You’ve heard me talk about my ketogenic way of eating before. Maybe you’ve been intrigued by the idea and would like to try it for yourself but you’re not sure where to start. Never fear, I’m here to help! I’ve put together this post to help you figure out what kind of things you may want to stock your keto pantry with so you can be ready for all the keto recipes in your future.
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I’m starting out with the refrigerated stuff because it’s actually what I use most. These are the most essential keto pantry ingredients.
Eggs– OMG the amount of eggs we go through. We usually have 3-4 dozen in the fridge at all times.
Cheese- So many types, but definitely mozzarella, cheddar, and cream cheese
Veggies– Not pictured, but we keep a supply of both fresh and frozen “above ground” veggies like spinach, lettuce, broccoli, cauliflower, Brussels sprouts, and cabbage.
Heavy Cream– YES. I go through a ton of heavy cream, primarily in my coffee but also to make sauces. It’s back there behind the sour cream because apparently I can’t take photos.
Cashew milk– Cashew is my preferred milk alternative, and it only has 1-2 carbs per cup (depending on the brand)
Butter– All the butter. Kerrygold is my favorite, but I really only use it as a condiment. For everything else I use store brand.
Sour Cream– Great for keto sauces.
Homemade Mayonnaise– Here’s my favorite recipe.
Hemp Hearts– This is a more unusual ingredient, and certainly not necessary in your keto pantry, but I love it in both these overnight “oats” and these seed crackers. Hemp hearts have a fantastic nutrition profile for keto eating. These are available on Amazon, or I also get them at Costco for a similar price.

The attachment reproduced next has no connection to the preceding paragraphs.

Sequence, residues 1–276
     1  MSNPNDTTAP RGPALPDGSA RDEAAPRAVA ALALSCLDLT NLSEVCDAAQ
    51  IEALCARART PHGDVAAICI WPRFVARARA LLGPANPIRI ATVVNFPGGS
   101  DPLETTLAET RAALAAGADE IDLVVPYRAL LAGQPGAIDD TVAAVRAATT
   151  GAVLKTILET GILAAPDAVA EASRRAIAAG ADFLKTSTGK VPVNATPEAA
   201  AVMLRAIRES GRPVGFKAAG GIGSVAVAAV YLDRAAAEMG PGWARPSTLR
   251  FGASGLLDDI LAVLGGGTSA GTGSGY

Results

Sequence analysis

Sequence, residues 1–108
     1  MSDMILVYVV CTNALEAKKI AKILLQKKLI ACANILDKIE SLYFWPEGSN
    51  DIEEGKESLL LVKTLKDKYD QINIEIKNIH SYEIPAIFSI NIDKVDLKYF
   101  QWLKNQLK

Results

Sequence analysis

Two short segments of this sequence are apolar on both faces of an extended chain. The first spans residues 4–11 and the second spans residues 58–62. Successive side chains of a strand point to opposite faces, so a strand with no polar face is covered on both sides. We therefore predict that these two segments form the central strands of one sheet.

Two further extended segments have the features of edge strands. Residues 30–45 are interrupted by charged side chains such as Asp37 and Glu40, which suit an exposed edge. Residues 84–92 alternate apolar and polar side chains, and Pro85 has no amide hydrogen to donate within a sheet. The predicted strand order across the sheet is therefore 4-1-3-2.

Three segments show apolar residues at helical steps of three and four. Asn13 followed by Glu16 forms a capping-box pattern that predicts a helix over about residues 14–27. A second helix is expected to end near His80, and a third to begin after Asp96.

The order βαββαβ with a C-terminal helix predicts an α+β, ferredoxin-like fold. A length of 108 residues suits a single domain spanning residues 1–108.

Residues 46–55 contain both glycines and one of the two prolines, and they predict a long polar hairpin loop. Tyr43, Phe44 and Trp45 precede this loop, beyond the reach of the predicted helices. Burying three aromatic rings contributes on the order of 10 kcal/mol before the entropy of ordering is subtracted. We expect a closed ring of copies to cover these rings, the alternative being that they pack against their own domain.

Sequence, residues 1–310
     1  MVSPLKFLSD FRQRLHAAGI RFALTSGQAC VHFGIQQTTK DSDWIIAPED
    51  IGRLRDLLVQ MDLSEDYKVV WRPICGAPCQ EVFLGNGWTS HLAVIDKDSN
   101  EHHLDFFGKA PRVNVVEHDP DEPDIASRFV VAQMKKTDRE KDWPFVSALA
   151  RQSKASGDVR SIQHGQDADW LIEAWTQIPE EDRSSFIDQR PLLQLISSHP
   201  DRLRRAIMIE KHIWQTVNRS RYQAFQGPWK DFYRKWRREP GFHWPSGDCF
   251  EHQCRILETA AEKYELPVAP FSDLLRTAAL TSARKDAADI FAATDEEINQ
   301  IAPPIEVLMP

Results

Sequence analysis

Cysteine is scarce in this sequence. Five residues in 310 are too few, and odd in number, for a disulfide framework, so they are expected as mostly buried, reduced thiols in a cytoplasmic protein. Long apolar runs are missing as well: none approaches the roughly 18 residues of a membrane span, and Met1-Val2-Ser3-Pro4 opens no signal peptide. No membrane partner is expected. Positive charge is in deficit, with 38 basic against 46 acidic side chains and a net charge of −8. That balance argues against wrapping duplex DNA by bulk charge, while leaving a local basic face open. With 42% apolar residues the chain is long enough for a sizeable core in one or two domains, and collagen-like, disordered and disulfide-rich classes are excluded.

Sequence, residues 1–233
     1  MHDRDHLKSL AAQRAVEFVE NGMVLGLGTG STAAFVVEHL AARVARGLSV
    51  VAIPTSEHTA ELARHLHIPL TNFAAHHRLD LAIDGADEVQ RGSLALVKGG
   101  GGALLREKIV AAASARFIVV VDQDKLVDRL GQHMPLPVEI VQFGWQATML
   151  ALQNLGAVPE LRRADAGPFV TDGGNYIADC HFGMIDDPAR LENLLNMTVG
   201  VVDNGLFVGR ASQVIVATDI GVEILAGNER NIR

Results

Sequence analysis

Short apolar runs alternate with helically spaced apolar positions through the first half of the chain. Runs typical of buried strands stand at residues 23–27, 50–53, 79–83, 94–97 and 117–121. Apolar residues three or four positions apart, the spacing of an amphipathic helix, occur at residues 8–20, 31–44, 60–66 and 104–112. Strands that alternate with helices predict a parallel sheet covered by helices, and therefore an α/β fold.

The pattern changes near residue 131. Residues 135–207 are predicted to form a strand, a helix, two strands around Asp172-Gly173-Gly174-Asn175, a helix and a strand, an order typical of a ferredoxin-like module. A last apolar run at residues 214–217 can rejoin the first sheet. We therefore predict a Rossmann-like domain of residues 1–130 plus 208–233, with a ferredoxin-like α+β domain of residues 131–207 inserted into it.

Meats- Not pictured, but we always have a variety of meats on hand (including plenty of bacon!) I get grass-fed when I can, but it’s expensive so I try to stock up when it’s on sale. The fattier the meat, the better, so go ahead and get that chicken with the skin on, and the really nicely marbleized beef.
These are the things I use in keto baking.
Almond Flour– Probably the thing I use most of this list. I usually buy the Blue Diamond brand at Costco because it’s cheaper than I’ve seen it anywhere ($4/lb), but I’ve also had success with the Wellbees brand from Amazon, which is often still cheaper than in-store brands. The most important thing about almond flour is how fine the grind is. I use almond meal from time to time, but it’s coarse and will not give good results when almond flour is called for. The finer the grind, the better the result.
Coconut Flour– I like the Nutiva brand, but I’ve also successfully used the Coconut Secret brand.
Xanthan Gum– Important to help with the structure of gluten-free baked goods, and also works to thicken sauces when needed. Seems a bit expensive but you only use a very small amount at a time. One container will probably last you years.
Oat Fiber– Oat fiber is an interesting ingredient. It’s not the same as oat flour. It’s just the fiber taken from oats, ground into a fine powder. While it’s certainly not necessary in your keto kitchen, I highly recommend it as it can add a lightness to your baked goods that is hard to get with other flours. I like the Lifesource brand, but it’s not certified gluten-free, so not suitable for Celiacs. I believe the Trim Healthy Mama version is the only certified gluten-free version available at the moment. Here I linked to Amazon, but I’ll let you in on a little secret– the Lifesource brand is cheapest from Netrition, even with the shipping costs.